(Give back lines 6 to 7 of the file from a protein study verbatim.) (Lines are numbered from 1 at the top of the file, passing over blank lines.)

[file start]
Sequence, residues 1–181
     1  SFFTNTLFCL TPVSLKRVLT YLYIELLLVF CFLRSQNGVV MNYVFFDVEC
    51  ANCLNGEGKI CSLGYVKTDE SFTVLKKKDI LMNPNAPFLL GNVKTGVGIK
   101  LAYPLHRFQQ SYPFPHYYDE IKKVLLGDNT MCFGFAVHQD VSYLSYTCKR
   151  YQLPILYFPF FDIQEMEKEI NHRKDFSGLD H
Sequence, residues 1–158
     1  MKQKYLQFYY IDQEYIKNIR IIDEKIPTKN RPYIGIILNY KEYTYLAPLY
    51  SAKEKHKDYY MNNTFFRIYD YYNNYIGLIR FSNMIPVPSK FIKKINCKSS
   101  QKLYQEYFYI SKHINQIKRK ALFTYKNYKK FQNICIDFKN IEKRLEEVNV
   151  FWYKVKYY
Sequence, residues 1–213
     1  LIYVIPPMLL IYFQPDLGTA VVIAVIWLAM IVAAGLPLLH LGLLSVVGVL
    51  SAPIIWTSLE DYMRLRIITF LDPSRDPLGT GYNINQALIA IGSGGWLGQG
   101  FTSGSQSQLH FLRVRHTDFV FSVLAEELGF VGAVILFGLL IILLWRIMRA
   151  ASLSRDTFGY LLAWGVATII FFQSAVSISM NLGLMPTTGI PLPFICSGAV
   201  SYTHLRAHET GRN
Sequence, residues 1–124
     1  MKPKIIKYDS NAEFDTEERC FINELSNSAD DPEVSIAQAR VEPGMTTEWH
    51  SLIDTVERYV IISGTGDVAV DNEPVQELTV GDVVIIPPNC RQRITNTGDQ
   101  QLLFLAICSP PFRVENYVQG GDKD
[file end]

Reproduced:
Sequence, residues 1–158
     1  MKQKYLQFYY IDQEYIKNIR IIDEKIPTKN RPYIGIILNY KEYTYLAPLY